This evening's T'ai Chi Chih continuing class was quieter than quiet (or, as I said at class end, Louder than silence). It feels as though we've turned a corner into a new experience of peace, quiet, and relaxation. It's hard to identify what's shifted but, somehow, it feels as though members of the class have--intentionally or not--drifted into a new experience with T'ai Chi Chih group practice.
The beginning class, on the other hand, is entirely different. Out of seven class sessions I've given two classes that were private lessons. It's highly unusual if any student comes to class for more than one or two consecutive class sessions. This makes it difficult to teach the form in a connected and constructive way. Still, that's what T'ai Chi Chih is all about: Go with the flow.
That's my challenge: Meet the students where they are and don't force them to fit into my format or my expectations about how a class should proceed. It obviously won't work when students don't come to class!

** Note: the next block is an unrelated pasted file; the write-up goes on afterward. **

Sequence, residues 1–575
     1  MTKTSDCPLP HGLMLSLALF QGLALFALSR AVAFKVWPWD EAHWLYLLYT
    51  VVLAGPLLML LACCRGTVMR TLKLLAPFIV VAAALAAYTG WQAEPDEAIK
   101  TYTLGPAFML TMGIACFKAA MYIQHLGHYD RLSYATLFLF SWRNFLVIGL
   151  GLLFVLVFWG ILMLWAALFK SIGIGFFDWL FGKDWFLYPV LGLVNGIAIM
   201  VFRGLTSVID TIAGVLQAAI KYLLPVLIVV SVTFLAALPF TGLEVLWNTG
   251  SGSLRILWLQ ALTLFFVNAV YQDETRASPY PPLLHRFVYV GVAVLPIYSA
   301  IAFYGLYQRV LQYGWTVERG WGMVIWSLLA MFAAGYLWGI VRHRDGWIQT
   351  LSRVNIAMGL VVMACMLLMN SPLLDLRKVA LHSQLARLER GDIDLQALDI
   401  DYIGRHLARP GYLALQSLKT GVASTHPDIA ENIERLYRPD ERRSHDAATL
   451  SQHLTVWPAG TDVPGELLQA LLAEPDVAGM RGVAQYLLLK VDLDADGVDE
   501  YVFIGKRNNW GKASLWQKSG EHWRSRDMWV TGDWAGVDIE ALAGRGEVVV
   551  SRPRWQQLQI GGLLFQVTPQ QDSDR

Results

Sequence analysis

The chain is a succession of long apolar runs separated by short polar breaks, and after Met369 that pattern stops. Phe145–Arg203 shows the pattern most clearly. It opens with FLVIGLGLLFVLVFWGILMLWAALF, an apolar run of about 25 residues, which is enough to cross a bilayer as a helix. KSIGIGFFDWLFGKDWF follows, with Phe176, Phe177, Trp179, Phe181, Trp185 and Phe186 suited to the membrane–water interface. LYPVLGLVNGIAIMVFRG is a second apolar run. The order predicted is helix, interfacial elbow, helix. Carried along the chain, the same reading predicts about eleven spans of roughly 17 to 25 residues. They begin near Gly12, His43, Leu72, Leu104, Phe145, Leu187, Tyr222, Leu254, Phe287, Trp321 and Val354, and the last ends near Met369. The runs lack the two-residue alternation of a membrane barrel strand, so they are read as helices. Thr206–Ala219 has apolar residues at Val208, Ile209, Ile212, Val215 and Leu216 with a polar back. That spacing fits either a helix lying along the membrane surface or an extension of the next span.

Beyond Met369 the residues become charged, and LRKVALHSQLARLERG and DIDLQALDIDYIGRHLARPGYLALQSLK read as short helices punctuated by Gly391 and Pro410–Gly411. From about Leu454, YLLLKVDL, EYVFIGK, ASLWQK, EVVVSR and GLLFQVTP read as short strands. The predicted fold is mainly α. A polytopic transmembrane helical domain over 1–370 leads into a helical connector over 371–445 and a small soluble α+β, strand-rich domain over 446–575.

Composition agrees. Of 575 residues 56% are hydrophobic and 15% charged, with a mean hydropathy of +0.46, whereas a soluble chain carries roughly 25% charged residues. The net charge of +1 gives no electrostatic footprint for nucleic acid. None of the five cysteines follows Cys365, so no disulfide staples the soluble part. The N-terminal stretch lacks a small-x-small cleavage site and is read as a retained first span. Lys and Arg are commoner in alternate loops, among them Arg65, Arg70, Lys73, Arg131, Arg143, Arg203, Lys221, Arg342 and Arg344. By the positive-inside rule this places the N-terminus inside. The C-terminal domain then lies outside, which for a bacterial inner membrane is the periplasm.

Given the political unheaval and earth changes occurring over recent months I remain cognizant of the distractibility and distress that's circulating within and around us all. When I continue with my own personal TCC practice day by day, I hope that that constancy and certainty offer stability and hope to those around me (including my students).
Thursday, March 31, 2011, 1:30 p.m.:
We had a lively, inspiring conversation about Buddha's Brain in today's TCC class. We're just beginning Chapter 2 and, the way we're progressing, it's likely that we'll take months, maybe years, to complete the entire book. Nevertheless, I'm thoroughly enjoying our slow, talkative, enlightening, and participatory journey through the material in the book.
I'm reminded of Entry #16 in The Second Book of the Tao:
You have heard of flying with wings,Yes! Buddha's Brain is a window into another way of looking at the world, examining our brains and minds, and exploring our attitudes and beliefs about ourselves and our lives. As Stephen Mitchell explains in his commentary about Entry #16, "Wisdom is not something, to grasp or to have. When you discover the extent of your own ignorance, it's like a revelation.... Eventually you realize that there's nowhere the light doesn't penetrate, nowhere the non-wings can't fly." (pp. 32-33)
but can you fly without wings?
You have heard of the knowledge that knows,
but can you practice
the knowledge that doesn't know?
Consider a window: it is just
a hole in the wall, but because of it
the whole room is filled with light.
Thus, when the mind is open
and free of its own thoughts,
life unfolds effortlessly,
and the whole world is filled with light.